Even if the United States manages to avoid a technical default in August, downward pressure on its AAA credit rating will likely remain high, Moody's analyst Steven Hess said on Wednesday.

Moody's will likely slap a negative outlook on its United States' ratings in the next few weeks if Washington fails to agree on a long-term budget deal that puts the country's debt on a downward path, Hess told Reuters in an interview.

The fact that they haven't come to an agreement on the debt ceiling indicates to us that the outcome of the negotiations of the long-term debt situation may not be very positive, Hess said.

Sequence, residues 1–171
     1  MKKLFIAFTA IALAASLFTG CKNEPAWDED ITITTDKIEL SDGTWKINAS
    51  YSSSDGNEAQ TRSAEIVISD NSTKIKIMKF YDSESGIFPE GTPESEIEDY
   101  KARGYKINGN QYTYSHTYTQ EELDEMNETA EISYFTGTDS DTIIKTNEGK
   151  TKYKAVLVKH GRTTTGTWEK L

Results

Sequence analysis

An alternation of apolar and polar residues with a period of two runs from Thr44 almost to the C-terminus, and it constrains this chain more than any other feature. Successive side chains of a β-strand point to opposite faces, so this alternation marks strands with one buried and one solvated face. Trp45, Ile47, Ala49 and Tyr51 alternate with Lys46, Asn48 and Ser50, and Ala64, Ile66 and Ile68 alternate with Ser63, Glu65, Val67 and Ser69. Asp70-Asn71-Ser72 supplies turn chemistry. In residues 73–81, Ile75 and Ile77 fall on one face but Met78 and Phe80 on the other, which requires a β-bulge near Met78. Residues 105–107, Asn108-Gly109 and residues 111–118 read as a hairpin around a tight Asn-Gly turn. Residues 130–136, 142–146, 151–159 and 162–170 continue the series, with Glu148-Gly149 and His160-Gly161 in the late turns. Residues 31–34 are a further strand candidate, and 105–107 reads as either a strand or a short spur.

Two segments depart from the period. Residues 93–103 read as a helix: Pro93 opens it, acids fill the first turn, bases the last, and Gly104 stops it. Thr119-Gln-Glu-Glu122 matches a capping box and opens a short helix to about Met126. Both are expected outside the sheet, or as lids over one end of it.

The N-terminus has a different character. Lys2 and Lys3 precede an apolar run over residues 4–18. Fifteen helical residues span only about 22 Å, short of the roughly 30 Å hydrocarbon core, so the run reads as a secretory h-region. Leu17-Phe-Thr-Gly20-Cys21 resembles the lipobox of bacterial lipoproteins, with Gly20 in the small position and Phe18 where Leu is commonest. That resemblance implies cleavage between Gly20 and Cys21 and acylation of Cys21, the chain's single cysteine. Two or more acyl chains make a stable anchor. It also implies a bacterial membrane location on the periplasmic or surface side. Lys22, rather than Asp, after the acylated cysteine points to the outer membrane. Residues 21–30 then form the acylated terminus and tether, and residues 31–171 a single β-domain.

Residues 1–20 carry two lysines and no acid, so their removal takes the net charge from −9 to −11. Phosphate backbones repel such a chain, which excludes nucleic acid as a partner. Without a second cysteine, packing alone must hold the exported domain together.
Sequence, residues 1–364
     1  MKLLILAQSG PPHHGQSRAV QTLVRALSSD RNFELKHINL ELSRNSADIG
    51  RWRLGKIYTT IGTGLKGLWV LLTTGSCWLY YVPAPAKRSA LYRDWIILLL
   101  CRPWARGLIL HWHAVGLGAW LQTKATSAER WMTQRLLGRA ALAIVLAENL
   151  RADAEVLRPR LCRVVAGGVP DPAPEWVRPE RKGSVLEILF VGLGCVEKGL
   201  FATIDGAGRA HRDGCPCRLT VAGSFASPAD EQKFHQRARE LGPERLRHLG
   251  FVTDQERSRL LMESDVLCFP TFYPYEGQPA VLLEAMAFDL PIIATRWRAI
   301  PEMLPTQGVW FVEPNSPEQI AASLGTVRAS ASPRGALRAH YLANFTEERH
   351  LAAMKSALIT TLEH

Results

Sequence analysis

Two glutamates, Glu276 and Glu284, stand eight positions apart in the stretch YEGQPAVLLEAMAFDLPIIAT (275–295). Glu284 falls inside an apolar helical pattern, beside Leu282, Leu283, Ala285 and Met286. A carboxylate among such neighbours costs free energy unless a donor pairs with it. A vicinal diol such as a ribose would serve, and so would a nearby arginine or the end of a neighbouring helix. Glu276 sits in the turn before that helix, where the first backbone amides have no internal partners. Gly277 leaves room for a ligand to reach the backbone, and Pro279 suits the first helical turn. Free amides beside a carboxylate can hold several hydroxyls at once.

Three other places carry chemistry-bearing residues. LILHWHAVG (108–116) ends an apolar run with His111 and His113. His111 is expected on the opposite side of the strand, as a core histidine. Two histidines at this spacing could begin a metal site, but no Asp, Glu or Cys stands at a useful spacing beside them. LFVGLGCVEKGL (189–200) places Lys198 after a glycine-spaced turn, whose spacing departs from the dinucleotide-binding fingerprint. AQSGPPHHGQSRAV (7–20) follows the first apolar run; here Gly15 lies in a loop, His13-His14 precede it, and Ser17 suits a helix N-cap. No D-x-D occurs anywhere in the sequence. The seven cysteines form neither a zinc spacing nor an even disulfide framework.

Moody's on Wednesday placed the United States' credit ratings on review for a possible downgrade on increasing risk that the government may miss debt payments in August if lawmakers fail to increase the country's debt ceiling.

Moody's intends to conclude that review as soon as it becomes clear whether a technical default may be avoided. At that time, it will also reassess whether the United States deserves to retain a stable outlook on its ratings, based on the budget deal negotiated between Democrats and Republicans.

We're willing to wait and see what the outcome for the negotiations is, Hess said. If they show significant progress in an agreement on the budget that reverses the upward debt trajectory, we would consider having the outlook assigned as stable.

So far only Standard & Poor's has revised to negative the outlook on U.S. ratings, which means a downgrade is likely in 12 to 18 months.

(Editing by Leslie Adler)